By Staff Sgt. Ryan Crane, USAFE-AFAFRICA (AFNS) / Published June 23, 2014
Chief Master Sgt. Bill Wunderlin 130th Rescue Wing loadmaster, demonstrates how to hook up a winch during the U.S. Air Forces in Europe and Air Forces Africa lead African Partnership Flight in Dakar, Senegal, June 19, 2014. USAFE-AFAFRICA Airmen are in Senegal for APF, a program designed to improve communication and interoperabilty between regional partners in Africa. The African partners include Senegal, Togo, Burkina Faso, Benin, Ghana, Mauritania, Nigeria and Niger with the U.S. facilitating the program. (U.S. Air Force photo/ Staff Sgt. Ryan Crane)
DAKAR, Senegal (AFNS) --
U.S. and African partners concluded a weeklong collaboration event with eight regional air forces in Dakar, Senegal June 20, aimed at strengthening relationships between the air forces and encouraging an exchange of ideas.
African Partnership Flight is a U.S. Air Forces in Europe and Air Forces Africa lead program that consists of the Air National Guard, Air Force Reserves and the U.S. Army. It has become a premier program for U.S. Africa Command to help foster security and stability throughout the continent.
"African Partnership Flight is meant to develop interoperability and regional cooperation between African countries," said. Maj. James Renfro, APF mission commander. "We want to develop communication between the separate countries so that if something does happen they are already familiar with each other and can assist their partners in a time of need."
Airmen from Senegal, Benin, Togo, Burkina Faso, Niger, Nigeria, Ghana and Mauritania attended classroom discussions and hands on demonstrations that were relevant to each person's skillset. The classrooms included aeromedical evacuation, flight and ground safety, base defense, mission planning and cargo loading functions.
The discussions uncovered a diverse group of professionals and a wide variety of experiences in each respective air force.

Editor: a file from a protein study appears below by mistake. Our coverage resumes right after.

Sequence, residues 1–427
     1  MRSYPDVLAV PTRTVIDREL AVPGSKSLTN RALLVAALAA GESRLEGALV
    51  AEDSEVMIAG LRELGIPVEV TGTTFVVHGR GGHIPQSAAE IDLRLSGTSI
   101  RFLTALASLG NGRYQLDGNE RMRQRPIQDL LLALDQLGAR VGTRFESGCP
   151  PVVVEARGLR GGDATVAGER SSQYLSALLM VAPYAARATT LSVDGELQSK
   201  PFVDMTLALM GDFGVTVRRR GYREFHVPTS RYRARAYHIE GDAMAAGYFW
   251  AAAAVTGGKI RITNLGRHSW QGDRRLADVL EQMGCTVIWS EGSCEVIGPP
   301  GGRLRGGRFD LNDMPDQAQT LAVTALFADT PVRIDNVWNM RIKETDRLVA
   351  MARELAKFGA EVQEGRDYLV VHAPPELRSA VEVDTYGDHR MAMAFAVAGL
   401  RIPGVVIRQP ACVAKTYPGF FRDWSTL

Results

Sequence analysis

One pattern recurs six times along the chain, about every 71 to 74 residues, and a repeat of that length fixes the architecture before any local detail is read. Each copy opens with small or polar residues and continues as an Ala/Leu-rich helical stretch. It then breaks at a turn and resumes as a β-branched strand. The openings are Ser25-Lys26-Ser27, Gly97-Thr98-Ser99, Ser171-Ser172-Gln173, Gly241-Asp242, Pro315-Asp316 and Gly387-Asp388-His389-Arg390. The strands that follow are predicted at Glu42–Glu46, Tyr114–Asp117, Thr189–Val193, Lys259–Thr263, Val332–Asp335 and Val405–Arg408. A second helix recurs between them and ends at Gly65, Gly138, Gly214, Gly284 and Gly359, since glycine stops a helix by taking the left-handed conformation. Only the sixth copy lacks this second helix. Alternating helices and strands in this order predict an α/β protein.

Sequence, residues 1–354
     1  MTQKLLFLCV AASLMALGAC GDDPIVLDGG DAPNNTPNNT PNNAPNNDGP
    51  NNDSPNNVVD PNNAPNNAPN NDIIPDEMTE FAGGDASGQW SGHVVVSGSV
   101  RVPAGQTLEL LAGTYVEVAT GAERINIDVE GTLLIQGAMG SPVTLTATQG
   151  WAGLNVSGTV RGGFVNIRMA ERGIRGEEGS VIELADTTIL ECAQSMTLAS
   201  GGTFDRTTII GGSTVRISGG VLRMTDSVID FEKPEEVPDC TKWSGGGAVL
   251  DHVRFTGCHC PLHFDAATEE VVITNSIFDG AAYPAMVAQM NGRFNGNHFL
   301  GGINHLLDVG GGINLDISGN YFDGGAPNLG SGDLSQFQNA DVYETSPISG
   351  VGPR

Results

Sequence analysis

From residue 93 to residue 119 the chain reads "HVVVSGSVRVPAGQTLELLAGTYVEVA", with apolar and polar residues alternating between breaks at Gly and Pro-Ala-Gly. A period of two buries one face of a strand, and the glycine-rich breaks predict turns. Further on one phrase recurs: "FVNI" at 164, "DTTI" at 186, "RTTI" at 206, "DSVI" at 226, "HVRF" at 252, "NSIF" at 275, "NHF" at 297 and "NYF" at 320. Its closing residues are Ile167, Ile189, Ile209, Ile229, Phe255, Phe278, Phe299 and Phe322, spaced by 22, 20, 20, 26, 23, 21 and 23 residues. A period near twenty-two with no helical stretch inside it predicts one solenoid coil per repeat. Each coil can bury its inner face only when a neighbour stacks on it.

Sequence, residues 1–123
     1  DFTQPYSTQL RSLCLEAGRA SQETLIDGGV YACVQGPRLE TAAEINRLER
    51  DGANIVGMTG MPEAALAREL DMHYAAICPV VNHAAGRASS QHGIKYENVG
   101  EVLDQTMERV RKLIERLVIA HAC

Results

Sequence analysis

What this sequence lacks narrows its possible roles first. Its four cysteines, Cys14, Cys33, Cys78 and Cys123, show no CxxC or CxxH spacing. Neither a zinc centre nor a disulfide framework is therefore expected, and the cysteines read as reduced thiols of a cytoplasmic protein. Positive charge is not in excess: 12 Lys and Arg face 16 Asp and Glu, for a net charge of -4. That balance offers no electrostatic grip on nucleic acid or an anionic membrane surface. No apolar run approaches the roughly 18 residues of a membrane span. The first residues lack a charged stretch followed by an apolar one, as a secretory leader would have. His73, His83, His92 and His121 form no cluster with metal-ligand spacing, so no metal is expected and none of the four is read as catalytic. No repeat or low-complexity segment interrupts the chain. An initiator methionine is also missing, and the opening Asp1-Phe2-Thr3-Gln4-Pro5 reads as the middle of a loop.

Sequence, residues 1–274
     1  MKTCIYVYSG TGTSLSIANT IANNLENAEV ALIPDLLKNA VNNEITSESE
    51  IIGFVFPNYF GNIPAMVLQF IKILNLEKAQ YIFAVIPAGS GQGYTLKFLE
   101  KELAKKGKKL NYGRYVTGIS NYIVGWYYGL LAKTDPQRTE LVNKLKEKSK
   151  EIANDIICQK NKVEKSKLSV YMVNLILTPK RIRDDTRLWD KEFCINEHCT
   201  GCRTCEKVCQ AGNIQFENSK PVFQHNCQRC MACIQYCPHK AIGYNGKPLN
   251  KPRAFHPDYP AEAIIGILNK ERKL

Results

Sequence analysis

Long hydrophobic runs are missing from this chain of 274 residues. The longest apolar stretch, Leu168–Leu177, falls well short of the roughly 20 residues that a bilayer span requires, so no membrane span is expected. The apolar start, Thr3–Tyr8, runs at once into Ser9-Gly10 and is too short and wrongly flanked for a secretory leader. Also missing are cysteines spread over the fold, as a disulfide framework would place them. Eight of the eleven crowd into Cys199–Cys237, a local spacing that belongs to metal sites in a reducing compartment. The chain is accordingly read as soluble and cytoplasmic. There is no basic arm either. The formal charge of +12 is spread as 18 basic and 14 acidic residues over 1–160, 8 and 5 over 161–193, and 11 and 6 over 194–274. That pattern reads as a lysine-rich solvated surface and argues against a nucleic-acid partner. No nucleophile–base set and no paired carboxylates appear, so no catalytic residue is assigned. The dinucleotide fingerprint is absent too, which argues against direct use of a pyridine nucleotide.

"So far it has been a great event," said Maj. James Renfro, APF commander. "We have 150 participants from nine countries including the U.S. They are all military professionals interacting together to learn from their shared experiences."
Those different experiences are what the students value the most.
"We got to see how they approach problems," said Corporal Jito Alhassen, medical technician from the Ghana air force. "We experienced our job from their point of view and shared our way of doing things with the other countries."
He explained that they have learned more in these five days of discussion and hands on application than he has in any other course in Ghana.
"Everybody in the air force should come to this training," Alhassen said. "We would be a very strong air force if everyone was able to experience what we did."
Networking was one of the highlights for most students who spent their breaks exchanging email addresses and Facebook contacts.
"We built friendships," Alhassen said. "It is good to bring all these people together so we can work together to be united."
Despite the different cultures and languages, the instructors bonded with the students over their shared love for the job they do in the military.
"One goal we all have is to provide great patient care," said Lt. Col. Miguel Jimenez, 146th Aeromedical Evacuation Squadron flight nurse, "and we have the same passion for trying to move patients from the point of injury to a safe location."
APF provided the opportunity to the students to get the valuable hands on experience that is not so readily available for them. The hands on portion of the class allowed the students to put their classroom experience to the test.
"The students craved hands on training," Jimenez said, "and that is what we provided, which I think was invaluable to them. Ask my students if they thought their time here was valuable. I know the answer will be 'yes'."